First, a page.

Glenn W. Harrison
Director, Center for the Economic Analysis of Risk; Professor and Holder of the C.V. Starr Chair
Risk Management and Insurance
J. Mack Robinson College of Business
Georgia State University
Ph.D. (Economics), UCLA
Master of Arts, UCLA
Master of Economics, Monash University
Bachelor of Economics (Honours), Monash University (Melbourne, Australia)
Environmental and Resource Economics
Glenn Harrison is the C.V. Starr Chair of Risk Management & Insurance and Director of the Center for the Economic Analysis of Risk (CEAR), in the Department of Risk Management & Insurance, J. Mack Robinson College of Business, Georgia State University. He has over 140 academic publications, including general journals such as Econometrica, American Economic Review, Journal of Political Economy, the Economic Journal, Journal of the American Statistical Association, and the American Journal of Public Health, and specialist journals such as Journal of Environmental Economics & Management, Land Economics, Natural Resources Journal, Journal of Law & Economics, Experimental Economics, and Economics & Philosophy. His research interests include experimental economics, law and economics, international trade policy and environmental policy.
His work in experimental economics has included the study of bidding behavior in auctions, market contestability and regulation, bargaining behavior, and the elicitation of risk and time preferences. Most recently it has examined the complementarity of laboratory and field experiments. His work in law and economics has centered on the calculation of compensatory damages in tobacco litigation, including testifying for plaintiffs in the Medicaid litigation that resulted in a settlement worth over $200 billion. Most recently he has worked on the relationship between compensatory and punitive damages, and class actions involving the excessive promotion of certain drugs. His work in international trade policy has employed computable general equilibrium models to quantify the effects of unilateral, regional and multilateral trade reforms. A particular focus of this policy analysis has been to assess the effects of trade reform on poor households in developing countries. His work in environmental economics has included modeling the effects of alternative policies to mitigate global warming, critiques of casual applications of the contingent valuation method, and improved methods of damage assessment. Most recently he has focused on the formal characterization of environmental reform as a “policy lottery” that properly reflects uncertainty in predicted effects on households.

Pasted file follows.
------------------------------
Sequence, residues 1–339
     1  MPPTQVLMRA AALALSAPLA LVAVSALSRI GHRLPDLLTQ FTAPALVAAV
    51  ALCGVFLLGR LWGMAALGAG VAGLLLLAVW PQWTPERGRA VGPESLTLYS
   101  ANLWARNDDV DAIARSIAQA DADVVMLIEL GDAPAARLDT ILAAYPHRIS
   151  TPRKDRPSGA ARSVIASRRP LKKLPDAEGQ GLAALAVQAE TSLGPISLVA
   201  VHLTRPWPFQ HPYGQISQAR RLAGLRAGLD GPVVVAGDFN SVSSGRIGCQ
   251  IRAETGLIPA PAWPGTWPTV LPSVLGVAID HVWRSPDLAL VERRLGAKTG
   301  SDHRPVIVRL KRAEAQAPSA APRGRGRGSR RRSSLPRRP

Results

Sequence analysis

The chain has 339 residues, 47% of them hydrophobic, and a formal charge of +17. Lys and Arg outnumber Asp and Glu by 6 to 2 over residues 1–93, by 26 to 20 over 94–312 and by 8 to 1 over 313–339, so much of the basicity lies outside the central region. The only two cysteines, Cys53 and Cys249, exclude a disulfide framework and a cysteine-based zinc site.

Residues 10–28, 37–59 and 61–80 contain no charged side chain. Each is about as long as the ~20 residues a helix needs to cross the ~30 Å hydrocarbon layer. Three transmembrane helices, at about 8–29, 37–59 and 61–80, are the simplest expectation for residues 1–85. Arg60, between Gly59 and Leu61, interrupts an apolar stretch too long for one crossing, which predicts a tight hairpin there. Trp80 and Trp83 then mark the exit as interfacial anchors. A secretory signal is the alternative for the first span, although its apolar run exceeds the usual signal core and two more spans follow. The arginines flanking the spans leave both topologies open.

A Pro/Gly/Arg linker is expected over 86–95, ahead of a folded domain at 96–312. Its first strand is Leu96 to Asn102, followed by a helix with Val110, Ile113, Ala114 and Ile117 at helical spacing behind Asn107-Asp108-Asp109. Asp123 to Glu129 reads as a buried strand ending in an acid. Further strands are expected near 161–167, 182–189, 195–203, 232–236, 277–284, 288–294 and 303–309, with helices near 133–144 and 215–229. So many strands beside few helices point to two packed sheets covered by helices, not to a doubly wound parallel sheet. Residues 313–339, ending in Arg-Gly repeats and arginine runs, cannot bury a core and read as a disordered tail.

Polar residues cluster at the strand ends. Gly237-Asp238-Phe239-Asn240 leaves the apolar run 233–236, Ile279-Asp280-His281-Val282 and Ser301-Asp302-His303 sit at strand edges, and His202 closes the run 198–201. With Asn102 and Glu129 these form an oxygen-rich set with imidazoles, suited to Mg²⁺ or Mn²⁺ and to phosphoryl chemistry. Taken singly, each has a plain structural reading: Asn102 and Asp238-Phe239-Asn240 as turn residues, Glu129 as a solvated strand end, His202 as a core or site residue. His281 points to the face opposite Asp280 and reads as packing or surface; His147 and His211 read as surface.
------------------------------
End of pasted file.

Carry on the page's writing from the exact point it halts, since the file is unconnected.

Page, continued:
Professor Harrison has been a consultant for numerous government agencies and private bodies. These include the World Bank (evaluating trade policy reforms for developing countries), the Swedish government and the United States Environmental Protection Agency (evaluating carbon tax proposals), the Danish government (evaluating tax and deregulation policies), and counsel representing parties suing tobacco companies and drug companies for economic damages. Professor Harrison is a Pisces, and loves red wine, one Swedish woman, and one American daughter. Before academic life, Professor Harrison played Australian “no-rules” football for Hawthorn in the Australian Football League, kicking one goal in his career.
- "Choice Under Uncertainty: Evidence from Ethiopia, India and Uganda," (with Steven J. Humphrey and Arjan Verschoor), The Economic Journal, 119, 2009 forthcoming.
- "Testing Static Game Theory with Dynamic Experiments: A Case Study of Public Goods" (with Anabela Botelho, Lígia M. Costa Pinto and E. Elisabet Rutström), Games and Economic Behavior, 67(1), September 2009, 253-265.
- "Expected Utility And Prospect Theory: One Wedding and Decent Funeral," (with Elisabet Rutström), Experimental Economics, 12(2), June 2009, 133-158.
- "Virtual Experiments and Environmental Policy," (with Stephen M. Fiore, Charles E. Hughes and E. Elisabet Rutström), Journal of Environmental Economics & Management, 57(1), January 2009, 65-86.
- "Eliciting Risk and Time Preferences" (with Steffen Andersen, Morten Lau and Elisabet Rutström), Econometrica, 76(3), May 2008, 583-618.